C. The Her-Story of the Women of the Tuskegee Syphilis Study

CRF theory embodies “[t]he use of narrative, chronicles, and storytelling. . . among the tools often used by CRF theorists.” Professor Montoya asserts that “[d]efining the voices of CRF means forming allies in the task of dismantling the barriers of race and gender and having those allies take CRF concepts and use them so that they mean something real for women of color themselves, our local communities, and future generations.” One must explore the CRF Critical Teaching Point of the use of narrative to acknowledge the existence of the women who were directly impacted by the Tuskegee Syphilis Study, but who were marginalized during the study in 1932 and in its present day recounting. According to Critical Race Feminist Scholar, Adrien K. Wing, “narratives aid in exposing the reality of racism and validate the experiences of people of color.” As a critical teaching tool, “[t]he lens of CRF compels the storyteller [“teacher” ] to not only speak about “unspeakable” things, such as notions of race and racial construction, gender, and locations of power in the health care system - it also encourages the story listener [“student” ] to hear the silence of issues raised but not adequately addressed.” The fact *193 that history marginalizes or silences the particular experience of the women directly impacted in the Tuskegee Syphilis Study can be explored by extracting the “narrative behind the narrative,” a concept which challenges the world view of the historically accepted narrative by offering exposure to alternate social realities. The historically accepted narrative of the Tuskegee Syphilis Study generally focuses upon the government initiated untreated syphilis study on Black males from 1932-1972. An alternate social reality centers on the fact that syphilis is a sexually transmitted disease that was unwittingly passed on to the wives and partners of the men in the study who were not selected as research subjects based upon their gender. This narrative behind the narrative sheds light on the autonomy (or lack thereof) of the women directly impacted as wives, as well as the presumed illegitimacy of relationships outside of the legal category of marriage.

It was not until 1975 that the wives, widows, and offspring were added to the Tuskegee Health Benefit Program, which granted lifetime medical benefits and burial services to all living participants pursuant to the out-of-court settlement filed on behalf of the study participants and their families in 1973. Therefore, Black women who were married to the male participants were not deemed worthy of treatment nor did they fit the all black male research protocol during the study's 40-year span. Likewise, the women directly impacted but not married to the male participants of the Study, and the children manifesting congenital syphilis but borne out of wedlock, were not recognized and thus did not receive a remedy for the harm resulting from the governmental experiment. Professor Martha Fineman states that “[i]n a diverse and secular society, it is impermissible for the state to privilege one form of sexual affiliation over others, and thus to make marriage the core connection in the institution of the family. By exploring the narrative behind the narrative of the women directly impacted by the Tuskegee Syphilis Study and deconstructing the notion of *194 marriage and its presumed benefits, one can ultimately address why legal discrimination needs the concept of intersectionality (i.e. the interlocking oppressions affecting women, such as racism, sexism, heteropatriarchy, classism, agism, etc.) in order to serve as a CRF Critical Teaching Point.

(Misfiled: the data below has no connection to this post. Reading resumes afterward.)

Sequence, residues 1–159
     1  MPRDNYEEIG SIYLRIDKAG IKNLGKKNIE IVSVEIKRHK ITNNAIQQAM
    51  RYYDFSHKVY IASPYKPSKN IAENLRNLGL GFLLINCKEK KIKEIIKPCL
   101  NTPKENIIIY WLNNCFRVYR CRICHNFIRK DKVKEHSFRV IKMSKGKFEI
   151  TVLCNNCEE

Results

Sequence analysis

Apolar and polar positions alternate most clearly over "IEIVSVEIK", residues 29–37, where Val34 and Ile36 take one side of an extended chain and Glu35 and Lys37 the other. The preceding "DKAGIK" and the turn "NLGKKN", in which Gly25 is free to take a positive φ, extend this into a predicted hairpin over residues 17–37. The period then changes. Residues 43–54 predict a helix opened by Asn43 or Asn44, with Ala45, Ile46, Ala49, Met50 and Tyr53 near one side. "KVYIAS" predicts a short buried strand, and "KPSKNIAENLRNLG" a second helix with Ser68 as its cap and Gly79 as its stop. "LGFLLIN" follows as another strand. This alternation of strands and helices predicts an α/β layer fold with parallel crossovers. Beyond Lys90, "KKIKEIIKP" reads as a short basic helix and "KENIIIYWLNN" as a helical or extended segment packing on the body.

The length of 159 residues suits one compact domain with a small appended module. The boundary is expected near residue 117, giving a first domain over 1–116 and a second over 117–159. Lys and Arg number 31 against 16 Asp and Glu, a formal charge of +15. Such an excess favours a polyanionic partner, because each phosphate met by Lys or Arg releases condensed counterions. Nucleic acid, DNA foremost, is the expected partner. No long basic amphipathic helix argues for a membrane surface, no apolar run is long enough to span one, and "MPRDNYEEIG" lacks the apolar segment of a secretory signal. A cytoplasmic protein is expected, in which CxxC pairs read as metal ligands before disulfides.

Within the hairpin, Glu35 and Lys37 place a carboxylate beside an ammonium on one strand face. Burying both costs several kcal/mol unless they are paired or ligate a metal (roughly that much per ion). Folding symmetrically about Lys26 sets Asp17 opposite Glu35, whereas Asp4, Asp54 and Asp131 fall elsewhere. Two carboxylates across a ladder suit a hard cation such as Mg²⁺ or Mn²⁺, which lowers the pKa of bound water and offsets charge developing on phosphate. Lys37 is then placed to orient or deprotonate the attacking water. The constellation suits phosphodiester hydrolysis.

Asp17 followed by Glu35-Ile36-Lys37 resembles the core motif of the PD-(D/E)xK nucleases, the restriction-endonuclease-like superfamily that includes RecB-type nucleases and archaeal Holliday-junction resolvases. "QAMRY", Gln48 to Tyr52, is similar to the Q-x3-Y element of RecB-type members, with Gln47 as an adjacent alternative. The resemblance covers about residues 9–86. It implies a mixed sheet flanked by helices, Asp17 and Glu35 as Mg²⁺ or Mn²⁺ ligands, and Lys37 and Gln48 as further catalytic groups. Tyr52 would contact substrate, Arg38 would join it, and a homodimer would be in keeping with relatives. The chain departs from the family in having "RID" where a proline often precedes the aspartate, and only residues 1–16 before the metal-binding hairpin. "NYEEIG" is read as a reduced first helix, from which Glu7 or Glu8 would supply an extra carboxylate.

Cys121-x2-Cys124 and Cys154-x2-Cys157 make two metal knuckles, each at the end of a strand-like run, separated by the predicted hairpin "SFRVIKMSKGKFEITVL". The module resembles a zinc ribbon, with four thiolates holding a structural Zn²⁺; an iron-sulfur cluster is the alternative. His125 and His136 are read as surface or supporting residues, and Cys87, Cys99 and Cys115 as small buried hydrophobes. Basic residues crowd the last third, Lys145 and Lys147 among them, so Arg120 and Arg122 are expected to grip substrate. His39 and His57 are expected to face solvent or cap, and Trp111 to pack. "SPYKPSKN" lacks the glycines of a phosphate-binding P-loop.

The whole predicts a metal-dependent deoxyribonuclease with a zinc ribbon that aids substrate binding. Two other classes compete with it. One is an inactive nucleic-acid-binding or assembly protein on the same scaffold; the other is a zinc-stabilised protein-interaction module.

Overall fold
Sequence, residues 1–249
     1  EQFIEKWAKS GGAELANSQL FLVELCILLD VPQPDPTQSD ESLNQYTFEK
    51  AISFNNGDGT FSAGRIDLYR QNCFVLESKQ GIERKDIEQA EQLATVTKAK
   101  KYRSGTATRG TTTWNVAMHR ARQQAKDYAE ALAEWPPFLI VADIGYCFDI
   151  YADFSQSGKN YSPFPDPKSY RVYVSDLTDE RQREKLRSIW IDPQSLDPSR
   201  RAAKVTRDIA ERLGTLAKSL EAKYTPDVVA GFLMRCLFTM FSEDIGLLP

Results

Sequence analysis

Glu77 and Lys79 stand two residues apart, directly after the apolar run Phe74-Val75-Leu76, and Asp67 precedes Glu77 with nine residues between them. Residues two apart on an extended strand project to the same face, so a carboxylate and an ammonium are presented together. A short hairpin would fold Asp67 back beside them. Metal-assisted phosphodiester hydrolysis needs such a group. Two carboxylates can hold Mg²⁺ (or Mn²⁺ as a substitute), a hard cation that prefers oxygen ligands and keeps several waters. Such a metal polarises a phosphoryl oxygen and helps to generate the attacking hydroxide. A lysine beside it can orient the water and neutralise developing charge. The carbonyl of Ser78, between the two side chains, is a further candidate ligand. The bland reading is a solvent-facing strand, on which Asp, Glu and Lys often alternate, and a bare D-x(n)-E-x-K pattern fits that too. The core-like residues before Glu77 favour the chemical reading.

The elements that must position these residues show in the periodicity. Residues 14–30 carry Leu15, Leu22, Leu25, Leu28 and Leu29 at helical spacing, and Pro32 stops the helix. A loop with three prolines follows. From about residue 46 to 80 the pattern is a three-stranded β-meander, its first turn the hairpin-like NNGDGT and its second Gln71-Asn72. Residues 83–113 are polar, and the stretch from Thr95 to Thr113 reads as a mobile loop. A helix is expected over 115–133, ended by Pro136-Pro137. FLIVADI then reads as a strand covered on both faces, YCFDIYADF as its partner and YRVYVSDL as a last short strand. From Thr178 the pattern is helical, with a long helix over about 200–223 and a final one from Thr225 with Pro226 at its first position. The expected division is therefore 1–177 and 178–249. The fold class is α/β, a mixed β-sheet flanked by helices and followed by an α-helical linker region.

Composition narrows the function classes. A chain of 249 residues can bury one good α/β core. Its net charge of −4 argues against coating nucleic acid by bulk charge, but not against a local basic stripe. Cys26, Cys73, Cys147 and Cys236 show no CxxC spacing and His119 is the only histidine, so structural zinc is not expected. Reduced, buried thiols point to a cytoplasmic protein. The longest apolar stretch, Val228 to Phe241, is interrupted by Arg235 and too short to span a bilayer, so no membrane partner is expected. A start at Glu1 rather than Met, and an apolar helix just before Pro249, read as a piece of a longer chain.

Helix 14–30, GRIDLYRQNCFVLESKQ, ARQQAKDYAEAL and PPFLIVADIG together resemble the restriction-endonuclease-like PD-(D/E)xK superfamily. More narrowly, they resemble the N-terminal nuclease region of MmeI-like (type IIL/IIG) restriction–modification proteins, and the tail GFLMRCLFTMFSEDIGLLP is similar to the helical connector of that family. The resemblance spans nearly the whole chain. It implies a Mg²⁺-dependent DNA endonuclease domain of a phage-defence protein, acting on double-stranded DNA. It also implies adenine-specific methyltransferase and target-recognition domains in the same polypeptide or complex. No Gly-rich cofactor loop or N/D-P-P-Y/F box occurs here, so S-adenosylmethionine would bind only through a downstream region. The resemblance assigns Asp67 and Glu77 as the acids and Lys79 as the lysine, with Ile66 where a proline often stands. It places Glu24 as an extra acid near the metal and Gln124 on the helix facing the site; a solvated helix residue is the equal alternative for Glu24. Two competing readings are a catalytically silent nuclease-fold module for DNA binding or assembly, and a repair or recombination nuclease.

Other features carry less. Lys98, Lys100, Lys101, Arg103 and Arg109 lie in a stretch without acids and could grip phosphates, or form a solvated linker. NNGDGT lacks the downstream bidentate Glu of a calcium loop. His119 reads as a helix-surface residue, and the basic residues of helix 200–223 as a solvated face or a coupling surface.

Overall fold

Law and society have created and maintained a lack of space with regard to the Black women directly affected by the Tuskegee Syphilis Study. Law and society created constructs of “legitimate and illegitimate sexualities” expressed by Black women, as well as a normative standard concerning sexuality and marriage. There exists a narrative worth critically examining as to the different tropes of Black women that were affected by the Study, who have been similarly and dissimilarly marginalized in historical and contemporary discussion due to socio-legal constructs of “legitimate and illegitimate sexualities.” Holloway posits that “[i]t is certainly true that the field of bioethics might benefit from increased exposure to the categories of stories, theories of analysis, and the study of genre.” Specifically, there is a notion of married Black women embodying a “constructive presence” within law and society via their husbands, and single Black women embodying an “invisible presence” because of their lack of a husband. The interaction of law and society has made single, Black women essentially invisible to the point that the framing of their rights has either been severely limited, completely denied, or simply unacknowledged. Conversely, the interaction of law and society has made Black married women constructively present via their husbands. The Tuskegee Syphilis Study warrants a critical examination of the different life experiences of marginalization, even amongst Black women, based on marital status and presumptions of legitimacy (or the lack thereof). Thus, there exists a real need to critique the rights and remedies accrued or denied to Black women because of intersecting or multiple identities stemming from their race, gender, and marital status, both historically and presently.

Medical schools benefit from the integration of CRF theory into their curricula. The utilization of a transformative remedy that focuses on the *195 root causes for the historical and current omission of the women directly impacted by the Tuskegee Syphilis Study is enhanced through CRF Critical Teaching Points which advocate the use of deconstructive techniques and narrative.